In a year marked by conflict, pandemics, and the climate crisis, the theme that the FAO has chosen for World Food Day is particularly significant: Leave no one behind. It aligns closely with my sensibilities as an African agronomist, as an activist-educator, and as the President of Slow Food.
In the many debates on food security in which I have participated, especially here in Africa, the voice of the farmers is not heard. In policy and planning, decisions are taken at the top of administrative and economic power, while the protagonists of the food system, the small-scale producers, are considered passive subjects, with decisions taken over their heads. Yet, according to the FAO itself, farms with less than two hectares of land produce one-third of the world’s food.
Governments often ignore them, claiming that the traditional system is archaic. Organic farmers are not often invited to planning meetings because officials think they are against progress. But what modernity are we talking about? I have seen the disaster of hybrid maize seed selected and patented by a multinational company with my own eyes, as producers are convinced by false promises of prodigious results. These small-scale producers often have no prior knowledge of the product, but corporate technicians spur them on and in so doing damage community food security as resilient, native seeds are abandoned. Many of these new hybrid seeds, produced in the Netherlands, Spain, and South Africa, are sold to the few African farmers who can afford to manage monocultures, increasing the overall fragility of the food system.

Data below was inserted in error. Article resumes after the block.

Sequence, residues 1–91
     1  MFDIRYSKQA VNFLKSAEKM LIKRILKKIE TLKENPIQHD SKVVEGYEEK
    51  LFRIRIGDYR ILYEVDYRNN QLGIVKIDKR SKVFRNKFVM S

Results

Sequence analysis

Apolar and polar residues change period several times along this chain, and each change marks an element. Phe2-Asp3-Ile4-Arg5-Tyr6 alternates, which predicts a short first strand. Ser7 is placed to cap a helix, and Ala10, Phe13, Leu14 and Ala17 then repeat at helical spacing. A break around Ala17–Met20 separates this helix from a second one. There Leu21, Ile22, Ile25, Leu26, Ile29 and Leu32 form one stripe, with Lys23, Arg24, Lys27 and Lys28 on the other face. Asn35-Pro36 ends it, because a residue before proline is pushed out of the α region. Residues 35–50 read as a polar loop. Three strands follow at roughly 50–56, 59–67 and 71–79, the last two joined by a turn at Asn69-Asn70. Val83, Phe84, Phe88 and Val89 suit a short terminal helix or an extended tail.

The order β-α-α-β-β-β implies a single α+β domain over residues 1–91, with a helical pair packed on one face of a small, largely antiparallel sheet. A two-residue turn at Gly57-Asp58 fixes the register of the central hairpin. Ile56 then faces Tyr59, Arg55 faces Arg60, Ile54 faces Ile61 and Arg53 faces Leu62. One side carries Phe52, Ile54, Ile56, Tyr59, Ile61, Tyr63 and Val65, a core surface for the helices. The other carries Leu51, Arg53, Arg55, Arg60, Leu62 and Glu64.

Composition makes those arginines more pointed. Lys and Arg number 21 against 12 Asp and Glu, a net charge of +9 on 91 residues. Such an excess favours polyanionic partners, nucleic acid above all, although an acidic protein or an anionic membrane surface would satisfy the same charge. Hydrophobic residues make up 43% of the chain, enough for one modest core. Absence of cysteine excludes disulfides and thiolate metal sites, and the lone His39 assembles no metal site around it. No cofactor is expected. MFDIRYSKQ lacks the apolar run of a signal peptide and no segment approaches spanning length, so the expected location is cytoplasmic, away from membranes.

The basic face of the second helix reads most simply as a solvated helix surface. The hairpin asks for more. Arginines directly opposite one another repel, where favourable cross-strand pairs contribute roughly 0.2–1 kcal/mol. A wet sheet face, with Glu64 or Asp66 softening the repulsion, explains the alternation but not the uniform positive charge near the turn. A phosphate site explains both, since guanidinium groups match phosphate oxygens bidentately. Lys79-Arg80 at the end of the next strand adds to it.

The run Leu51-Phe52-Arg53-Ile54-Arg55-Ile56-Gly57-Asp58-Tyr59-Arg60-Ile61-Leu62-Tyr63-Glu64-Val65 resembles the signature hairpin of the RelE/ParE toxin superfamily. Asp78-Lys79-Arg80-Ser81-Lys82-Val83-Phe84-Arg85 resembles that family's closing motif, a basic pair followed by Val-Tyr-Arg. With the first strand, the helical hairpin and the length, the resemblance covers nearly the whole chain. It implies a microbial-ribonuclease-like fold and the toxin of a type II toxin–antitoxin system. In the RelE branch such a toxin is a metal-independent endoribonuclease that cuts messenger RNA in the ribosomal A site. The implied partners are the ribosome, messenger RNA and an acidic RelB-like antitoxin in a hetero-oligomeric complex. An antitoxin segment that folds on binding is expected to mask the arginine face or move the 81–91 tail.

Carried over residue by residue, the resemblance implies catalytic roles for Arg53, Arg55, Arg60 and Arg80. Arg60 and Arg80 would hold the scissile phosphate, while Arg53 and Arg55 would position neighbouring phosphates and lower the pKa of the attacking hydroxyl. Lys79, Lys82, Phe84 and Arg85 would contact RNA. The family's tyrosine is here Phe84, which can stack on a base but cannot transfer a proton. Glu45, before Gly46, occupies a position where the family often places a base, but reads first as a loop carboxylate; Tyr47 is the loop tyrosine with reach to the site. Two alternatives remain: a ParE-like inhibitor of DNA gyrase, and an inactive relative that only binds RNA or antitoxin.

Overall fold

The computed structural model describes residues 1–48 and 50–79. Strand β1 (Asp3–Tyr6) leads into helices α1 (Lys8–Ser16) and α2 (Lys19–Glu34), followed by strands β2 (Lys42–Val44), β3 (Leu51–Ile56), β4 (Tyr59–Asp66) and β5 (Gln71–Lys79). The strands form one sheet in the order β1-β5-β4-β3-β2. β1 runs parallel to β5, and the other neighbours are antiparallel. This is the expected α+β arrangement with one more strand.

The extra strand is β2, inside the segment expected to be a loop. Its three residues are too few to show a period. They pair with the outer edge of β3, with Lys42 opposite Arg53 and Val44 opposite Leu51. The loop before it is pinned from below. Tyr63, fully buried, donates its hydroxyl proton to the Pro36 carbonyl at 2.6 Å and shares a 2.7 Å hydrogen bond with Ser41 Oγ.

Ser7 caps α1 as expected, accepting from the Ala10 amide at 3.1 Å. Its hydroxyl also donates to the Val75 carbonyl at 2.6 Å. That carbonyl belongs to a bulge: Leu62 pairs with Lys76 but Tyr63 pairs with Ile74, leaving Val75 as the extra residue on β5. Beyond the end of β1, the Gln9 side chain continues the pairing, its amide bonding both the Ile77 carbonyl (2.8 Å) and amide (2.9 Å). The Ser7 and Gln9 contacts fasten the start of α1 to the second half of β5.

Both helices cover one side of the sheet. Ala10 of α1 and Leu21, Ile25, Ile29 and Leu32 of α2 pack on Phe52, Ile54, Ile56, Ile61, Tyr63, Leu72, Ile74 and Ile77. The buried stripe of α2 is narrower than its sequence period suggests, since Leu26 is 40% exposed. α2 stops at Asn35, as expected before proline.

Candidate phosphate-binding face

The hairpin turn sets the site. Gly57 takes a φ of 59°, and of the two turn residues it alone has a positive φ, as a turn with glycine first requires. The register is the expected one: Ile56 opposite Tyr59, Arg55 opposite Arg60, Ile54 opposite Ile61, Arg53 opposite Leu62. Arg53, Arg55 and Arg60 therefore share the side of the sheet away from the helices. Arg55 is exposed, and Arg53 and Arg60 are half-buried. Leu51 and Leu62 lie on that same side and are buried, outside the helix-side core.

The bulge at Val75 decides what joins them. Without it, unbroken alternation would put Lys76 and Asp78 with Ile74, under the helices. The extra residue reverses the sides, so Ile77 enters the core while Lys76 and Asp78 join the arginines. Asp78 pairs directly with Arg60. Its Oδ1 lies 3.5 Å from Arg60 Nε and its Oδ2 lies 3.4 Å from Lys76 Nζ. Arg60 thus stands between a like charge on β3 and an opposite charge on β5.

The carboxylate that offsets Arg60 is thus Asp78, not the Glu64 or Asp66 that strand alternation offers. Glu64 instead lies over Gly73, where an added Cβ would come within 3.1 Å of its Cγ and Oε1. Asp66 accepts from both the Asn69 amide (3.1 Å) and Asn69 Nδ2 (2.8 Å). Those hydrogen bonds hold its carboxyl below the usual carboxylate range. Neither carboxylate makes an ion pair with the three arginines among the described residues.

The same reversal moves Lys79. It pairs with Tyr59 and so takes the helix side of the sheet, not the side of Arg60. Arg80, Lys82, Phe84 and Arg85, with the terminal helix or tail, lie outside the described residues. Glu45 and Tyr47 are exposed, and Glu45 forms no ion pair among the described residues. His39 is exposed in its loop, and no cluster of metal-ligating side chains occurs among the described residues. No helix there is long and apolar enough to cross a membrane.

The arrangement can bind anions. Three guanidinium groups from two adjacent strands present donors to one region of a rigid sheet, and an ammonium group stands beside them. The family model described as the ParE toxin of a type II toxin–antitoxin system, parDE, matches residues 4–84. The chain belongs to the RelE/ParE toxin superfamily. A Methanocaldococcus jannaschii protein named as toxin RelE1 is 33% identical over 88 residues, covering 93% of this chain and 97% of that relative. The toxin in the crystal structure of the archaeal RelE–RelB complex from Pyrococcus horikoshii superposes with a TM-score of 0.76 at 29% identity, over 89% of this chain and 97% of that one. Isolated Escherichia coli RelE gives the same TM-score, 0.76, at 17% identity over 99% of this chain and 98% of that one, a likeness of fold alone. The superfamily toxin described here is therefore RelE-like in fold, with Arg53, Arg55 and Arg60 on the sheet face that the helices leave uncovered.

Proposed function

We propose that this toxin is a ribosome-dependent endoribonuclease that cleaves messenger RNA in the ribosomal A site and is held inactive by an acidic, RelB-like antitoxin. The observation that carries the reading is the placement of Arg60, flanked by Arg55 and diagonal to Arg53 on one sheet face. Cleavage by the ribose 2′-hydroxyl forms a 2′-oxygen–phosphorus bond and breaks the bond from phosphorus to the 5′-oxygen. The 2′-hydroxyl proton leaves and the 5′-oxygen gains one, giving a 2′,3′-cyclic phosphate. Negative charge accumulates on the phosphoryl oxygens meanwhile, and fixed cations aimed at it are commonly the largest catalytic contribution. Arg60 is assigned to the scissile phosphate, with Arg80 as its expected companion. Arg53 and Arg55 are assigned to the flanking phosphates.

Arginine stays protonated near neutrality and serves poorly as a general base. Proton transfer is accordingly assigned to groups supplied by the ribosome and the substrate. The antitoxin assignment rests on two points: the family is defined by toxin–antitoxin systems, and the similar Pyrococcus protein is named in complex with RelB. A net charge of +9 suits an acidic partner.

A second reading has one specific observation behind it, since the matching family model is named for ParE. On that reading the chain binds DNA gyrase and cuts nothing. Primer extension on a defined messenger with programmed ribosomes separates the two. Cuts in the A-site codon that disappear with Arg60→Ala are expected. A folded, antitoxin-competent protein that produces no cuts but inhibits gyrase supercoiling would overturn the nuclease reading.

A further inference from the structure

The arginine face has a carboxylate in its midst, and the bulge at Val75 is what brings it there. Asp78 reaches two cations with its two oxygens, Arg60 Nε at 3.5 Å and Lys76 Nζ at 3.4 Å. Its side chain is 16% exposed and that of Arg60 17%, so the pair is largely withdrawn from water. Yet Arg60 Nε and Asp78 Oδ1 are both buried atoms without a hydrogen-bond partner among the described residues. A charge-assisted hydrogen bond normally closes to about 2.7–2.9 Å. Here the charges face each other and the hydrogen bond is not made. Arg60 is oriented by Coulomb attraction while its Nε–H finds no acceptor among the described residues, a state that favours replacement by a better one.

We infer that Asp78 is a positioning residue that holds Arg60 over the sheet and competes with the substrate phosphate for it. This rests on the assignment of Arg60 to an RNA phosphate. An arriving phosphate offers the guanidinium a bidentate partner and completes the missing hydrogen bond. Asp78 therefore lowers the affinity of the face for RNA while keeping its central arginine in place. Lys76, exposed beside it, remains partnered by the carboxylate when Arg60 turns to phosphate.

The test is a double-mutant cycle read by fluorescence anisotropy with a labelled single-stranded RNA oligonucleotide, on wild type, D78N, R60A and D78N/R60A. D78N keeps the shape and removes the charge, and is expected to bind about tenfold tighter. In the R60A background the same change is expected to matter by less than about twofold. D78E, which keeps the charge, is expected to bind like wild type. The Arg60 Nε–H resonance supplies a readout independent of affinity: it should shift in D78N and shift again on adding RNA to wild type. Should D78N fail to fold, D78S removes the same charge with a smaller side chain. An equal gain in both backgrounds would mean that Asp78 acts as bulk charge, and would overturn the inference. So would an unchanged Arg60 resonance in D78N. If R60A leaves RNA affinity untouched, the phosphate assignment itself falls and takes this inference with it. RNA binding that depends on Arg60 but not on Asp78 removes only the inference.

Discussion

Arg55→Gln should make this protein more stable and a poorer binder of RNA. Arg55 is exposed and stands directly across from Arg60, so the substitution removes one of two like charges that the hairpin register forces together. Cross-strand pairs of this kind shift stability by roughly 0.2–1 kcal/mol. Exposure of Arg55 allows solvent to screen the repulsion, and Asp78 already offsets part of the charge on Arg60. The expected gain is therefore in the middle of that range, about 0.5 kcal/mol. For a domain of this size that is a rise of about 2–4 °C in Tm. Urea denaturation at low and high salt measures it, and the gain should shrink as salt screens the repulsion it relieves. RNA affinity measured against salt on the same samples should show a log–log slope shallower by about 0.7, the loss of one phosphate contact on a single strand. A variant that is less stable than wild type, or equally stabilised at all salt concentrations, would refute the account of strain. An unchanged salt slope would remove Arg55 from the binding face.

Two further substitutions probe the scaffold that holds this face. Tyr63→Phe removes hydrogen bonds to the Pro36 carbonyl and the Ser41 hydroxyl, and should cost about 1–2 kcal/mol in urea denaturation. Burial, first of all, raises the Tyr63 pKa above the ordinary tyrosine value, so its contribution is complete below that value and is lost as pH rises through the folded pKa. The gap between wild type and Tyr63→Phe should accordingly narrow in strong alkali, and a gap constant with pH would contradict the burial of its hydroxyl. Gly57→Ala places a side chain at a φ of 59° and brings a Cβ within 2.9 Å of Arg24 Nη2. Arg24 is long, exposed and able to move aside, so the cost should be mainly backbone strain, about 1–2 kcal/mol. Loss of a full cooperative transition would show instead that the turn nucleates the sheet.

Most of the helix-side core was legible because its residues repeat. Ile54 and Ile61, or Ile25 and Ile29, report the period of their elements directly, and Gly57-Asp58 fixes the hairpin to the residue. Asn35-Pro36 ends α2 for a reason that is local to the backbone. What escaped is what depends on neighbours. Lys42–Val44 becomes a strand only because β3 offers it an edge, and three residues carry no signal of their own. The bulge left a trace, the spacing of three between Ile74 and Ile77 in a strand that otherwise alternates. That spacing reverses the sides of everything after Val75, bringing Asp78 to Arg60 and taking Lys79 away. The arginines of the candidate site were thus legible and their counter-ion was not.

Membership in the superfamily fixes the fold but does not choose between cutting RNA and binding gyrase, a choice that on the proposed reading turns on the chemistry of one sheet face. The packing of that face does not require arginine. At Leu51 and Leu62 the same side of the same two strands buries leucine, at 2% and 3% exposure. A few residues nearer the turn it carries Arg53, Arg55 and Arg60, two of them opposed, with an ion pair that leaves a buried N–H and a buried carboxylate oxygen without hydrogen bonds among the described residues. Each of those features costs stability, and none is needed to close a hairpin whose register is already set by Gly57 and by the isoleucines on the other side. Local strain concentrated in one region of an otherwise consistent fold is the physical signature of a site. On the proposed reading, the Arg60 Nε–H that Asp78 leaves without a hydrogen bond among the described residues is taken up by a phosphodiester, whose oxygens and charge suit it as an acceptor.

African countries spend $65 billion a year on imported food. Yet, many governments adopt policies focused on industrialized agriculture for export, in an attempt to increase the sector’s contribution to GDP and offset the balance of payments. Most of these policies, driven by foreign direct investment, support large-scale industrial production that focuses on raw materials for export. These policies have criminalized subsistence production and demoralized many small family farms, pushing them out of the market.
We need to redefine the concept of food security by shifting the focus from food as a commodity, to the communities where it is grown and produced. This perspective focuses on the social structure, the cultural significance of food, and its ties to the land, and does away with quantitative import-export figures. We cannot feed Africa if we do not start working from the community level.
A concrete example is our work with coffee producers in the highlands of Mount Elgon, in southeastern Uganda: the government was planning to distribute subsidies and chemical fertilizer to these producers. Together with Slow Food Presidium members, we set up a committee to meet with the district agriculture office and made demands for facilities for compost production, certified organic fertilizers, and training in integrated pest management. The producers made clear what kind of farming system they want to preserve on the mountain slopes to safeguard the quality of their coffee and the integrity of the ecosystem. They know perfectly well that if they go organic, without using synthetic inputs, they’ll be able to sell their coffee for a higher price.
In short, if governments want to preserve food security, and ‘Leave no one behind’, they need to listen to the voices of food-producing communities so that they can continue to practice ecological agriculture that preserves the environment while ensuring access to a varied and nutritious diet for their families.